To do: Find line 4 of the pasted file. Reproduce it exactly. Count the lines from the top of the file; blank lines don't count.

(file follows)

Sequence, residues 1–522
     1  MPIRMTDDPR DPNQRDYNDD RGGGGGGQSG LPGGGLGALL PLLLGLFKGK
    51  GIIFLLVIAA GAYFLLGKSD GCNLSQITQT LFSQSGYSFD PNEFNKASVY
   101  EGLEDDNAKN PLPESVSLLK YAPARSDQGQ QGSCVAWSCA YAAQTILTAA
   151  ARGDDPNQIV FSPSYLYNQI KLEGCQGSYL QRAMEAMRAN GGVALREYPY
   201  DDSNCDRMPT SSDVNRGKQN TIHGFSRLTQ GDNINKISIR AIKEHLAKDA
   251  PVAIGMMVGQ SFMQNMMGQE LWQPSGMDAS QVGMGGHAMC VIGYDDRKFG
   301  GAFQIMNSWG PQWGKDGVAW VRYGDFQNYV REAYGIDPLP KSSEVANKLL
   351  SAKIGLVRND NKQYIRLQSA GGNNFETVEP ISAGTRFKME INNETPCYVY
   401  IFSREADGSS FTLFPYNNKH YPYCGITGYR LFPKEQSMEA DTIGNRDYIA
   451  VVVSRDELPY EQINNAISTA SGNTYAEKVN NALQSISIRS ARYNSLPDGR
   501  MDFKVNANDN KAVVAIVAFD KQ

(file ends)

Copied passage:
   101  EGLEDDNAKN PLPESVSLLK YAPARSDQGQ QGSCVAWSCA YAAQTILTAA